out of the available "tools" there's only ID's (and like Highlander "there can be only one") or classes.

Some examples: http://microformats.org/wiki/hcard-authoring)

I'm just saying that, when naming classes there's semantic meaning AND formatting (or behavior) to consider, and they may just end up competing for a name (or it becomes a real pain to give semantic meaning and then style it)

personally, I'd like to see semantic context not use the class attribute at all (and have something it's own), but it's too late now.

Reply to this Comment

@Barry,

I see what you're saying. I have become a big fan lately of using multiple class names. I find that this has helped to clean up some of the crazy naming conventions that I have had in the past.

But yes, semantic context is awesome. The only problem that I can see with it is that when you have styles that are based on anything more than two or three nested rules (ex. table tbody td), things become MUCH harder to override down the line because in order to be more specific, you need to include a lot of stuff. But, I think that is just part of the overhead of making things semantic.

Reply to this Comment

Ah so showing you my CSS Framework has brought this? Well done! A lot of people don't give classes enough credit if you ask me. Libraries like jQuery simply make this type of development fun! Glad you are getting into this area as its something I've been dealing with since last year.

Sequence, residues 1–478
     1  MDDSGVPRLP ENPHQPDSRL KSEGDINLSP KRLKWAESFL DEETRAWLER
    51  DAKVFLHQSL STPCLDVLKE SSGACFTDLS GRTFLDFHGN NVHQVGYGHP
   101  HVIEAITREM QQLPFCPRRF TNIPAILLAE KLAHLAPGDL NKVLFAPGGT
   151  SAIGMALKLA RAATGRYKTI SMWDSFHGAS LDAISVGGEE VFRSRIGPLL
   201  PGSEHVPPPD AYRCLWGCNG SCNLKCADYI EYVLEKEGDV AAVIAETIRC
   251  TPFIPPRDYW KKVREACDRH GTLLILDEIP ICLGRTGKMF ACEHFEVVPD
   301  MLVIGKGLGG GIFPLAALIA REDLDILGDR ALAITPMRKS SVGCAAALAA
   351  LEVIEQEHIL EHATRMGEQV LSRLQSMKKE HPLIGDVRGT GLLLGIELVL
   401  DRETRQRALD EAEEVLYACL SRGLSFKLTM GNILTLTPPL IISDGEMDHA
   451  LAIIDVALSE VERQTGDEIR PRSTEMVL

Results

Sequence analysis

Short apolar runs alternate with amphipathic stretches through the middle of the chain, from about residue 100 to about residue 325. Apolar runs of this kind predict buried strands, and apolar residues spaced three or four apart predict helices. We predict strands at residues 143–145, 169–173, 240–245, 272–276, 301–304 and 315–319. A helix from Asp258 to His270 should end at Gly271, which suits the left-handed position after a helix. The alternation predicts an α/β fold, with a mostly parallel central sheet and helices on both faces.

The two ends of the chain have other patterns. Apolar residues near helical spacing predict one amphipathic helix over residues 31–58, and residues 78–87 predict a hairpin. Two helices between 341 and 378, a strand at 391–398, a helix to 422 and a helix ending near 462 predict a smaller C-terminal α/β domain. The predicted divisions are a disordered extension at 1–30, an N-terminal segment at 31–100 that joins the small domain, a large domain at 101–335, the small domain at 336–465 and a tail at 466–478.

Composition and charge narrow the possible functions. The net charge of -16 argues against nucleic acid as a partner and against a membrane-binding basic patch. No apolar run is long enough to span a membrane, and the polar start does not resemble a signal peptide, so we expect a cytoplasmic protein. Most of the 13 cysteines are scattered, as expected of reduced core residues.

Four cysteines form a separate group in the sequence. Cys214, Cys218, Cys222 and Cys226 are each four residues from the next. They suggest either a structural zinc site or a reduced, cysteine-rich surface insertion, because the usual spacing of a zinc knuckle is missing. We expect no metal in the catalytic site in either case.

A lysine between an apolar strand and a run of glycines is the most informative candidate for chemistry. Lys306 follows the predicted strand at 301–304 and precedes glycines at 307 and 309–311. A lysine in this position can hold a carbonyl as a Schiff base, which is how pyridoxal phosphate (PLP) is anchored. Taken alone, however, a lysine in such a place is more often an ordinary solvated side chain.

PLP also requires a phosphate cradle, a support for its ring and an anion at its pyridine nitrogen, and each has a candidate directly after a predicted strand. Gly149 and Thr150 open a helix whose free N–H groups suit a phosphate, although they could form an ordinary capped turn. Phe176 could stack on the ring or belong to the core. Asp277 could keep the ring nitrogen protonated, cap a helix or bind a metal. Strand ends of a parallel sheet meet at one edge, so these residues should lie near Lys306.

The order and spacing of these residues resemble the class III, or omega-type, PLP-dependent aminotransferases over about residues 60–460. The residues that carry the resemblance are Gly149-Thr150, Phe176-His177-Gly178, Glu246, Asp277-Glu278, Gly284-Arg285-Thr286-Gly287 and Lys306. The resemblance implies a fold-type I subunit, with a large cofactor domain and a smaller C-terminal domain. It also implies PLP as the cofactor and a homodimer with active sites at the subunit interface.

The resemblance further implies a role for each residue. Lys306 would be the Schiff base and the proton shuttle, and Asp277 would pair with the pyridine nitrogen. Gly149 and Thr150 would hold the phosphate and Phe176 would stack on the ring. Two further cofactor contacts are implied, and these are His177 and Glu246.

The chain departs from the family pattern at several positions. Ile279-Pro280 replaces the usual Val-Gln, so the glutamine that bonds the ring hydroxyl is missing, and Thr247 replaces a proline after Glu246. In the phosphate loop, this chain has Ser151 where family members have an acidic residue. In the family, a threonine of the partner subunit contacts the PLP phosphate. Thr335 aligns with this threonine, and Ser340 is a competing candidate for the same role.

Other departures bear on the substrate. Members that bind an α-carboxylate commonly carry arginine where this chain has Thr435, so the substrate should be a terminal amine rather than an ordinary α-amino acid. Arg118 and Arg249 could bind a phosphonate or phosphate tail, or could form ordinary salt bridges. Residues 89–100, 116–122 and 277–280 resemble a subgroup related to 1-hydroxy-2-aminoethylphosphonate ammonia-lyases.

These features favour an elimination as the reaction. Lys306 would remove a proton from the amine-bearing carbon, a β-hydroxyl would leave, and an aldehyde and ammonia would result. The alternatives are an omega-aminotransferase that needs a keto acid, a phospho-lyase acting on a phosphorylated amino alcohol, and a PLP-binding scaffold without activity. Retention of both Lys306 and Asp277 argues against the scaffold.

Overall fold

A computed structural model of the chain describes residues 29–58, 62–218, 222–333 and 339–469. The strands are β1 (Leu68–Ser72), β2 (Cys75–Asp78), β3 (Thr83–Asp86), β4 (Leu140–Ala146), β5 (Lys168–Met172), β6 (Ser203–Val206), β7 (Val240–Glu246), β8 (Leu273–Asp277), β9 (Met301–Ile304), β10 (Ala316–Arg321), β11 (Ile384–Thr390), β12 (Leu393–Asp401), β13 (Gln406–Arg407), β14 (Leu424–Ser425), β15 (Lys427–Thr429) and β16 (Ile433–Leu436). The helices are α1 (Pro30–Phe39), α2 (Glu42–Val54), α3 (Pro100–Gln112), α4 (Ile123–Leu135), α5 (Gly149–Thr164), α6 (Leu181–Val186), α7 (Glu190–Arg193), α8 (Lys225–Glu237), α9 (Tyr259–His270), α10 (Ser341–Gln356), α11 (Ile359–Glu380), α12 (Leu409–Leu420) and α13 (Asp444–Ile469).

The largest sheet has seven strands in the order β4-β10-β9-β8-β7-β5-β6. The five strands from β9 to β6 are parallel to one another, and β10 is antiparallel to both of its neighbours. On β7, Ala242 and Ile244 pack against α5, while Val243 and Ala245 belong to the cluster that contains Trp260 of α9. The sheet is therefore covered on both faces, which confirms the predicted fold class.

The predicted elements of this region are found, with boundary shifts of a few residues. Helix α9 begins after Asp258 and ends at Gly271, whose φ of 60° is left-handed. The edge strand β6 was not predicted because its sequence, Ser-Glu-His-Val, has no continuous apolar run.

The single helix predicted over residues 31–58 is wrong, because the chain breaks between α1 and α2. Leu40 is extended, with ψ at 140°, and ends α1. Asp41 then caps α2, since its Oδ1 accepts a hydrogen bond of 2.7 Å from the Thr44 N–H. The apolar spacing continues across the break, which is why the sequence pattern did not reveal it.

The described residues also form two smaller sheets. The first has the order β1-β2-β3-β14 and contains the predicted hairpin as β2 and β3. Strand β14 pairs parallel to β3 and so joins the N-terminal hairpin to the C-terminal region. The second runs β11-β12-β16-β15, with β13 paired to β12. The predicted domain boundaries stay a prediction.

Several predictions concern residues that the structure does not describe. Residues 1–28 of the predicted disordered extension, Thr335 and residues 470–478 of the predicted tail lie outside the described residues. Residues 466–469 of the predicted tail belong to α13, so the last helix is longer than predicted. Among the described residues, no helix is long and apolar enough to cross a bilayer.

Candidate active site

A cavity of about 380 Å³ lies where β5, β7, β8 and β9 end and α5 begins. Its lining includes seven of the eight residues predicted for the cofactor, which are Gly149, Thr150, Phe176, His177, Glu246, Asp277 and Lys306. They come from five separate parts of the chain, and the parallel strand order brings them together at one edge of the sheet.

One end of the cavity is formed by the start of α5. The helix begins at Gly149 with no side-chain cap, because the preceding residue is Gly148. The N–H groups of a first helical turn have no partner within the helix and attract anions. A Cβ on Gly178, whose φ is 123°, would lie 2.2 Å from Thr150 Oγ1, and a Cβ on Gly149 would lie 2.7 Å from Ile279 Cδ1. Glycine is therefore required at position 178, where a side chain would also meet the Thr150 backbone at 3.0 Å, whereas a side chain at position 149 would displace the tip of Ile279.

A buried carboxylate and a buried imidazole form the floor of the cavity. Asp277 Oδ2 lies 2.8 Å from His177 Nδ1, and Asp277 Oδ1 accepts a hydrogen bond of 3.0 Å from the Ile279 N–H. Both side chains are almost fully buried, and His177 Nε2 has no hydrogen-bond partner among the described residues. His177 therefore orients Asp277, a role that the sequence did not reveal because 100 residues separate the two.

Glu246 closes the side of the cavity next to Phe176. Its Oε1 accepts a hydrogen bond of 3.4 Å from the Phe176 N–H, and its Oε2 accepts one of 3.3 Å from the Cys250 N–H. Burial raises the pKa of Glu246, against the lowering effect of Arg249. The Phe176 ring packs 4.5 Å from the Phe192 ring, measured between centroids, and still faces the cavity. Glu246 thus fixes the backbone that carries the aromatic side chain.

One of my fellow co-workers has a new book (or at least its new to me) called CSS Design Patterns. I just noticed it today and picked it up to see what its about. After seeing what you are touching up on in here you definitely want to check it out.

http://www.cssdesignpatterns.com/
http://www.apress.com/book/view/1590598040

Reply to this Comment

@Javi,

That looks like a good book. I will check it out. Definitely, your CSS work has inspired me.

Reply to this Comment

Don't forget you can reference multiple classes on the same element with the same css selector.

class="alert overdue"

.alert {display: block; border: 2px solid black;}

.alert.overdue {border-color: red}

Patrick

Reply to this Comment

@Ben

I'm glad it has. Honestly, I've run out of ideas and I've gotten so much inspiration from Flex. Although now I'm doing Flex work I have to get back into the swing of things CSS wise. If you will be blogging more about this I'll have a lot of interest! So keep it up!

@Patrick/Ben

Yeah unfortunately IE6 does have issues with that. :( Until IE8 comes out this year (fingers crossed) we can honestly say goodbye IE6. For now wht I've done is keep things a lot simpler. I'll just have an .alert class defined and then a separate .overdue one. How you use it is up to you rather than restrict to just one class.

As an example what I do with a list of checkboxes that I want it to replace the non-user-friendly multi select is a collection of classes: selection, scroll, (small/medium/large), and then multiple if I want to sprinkle some JS behavior. Loving being able to add multiple classes. It's a powerful feature.

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Yeah, adding multiple classes is definitely badass. I wish I had known about this feature a long time ago.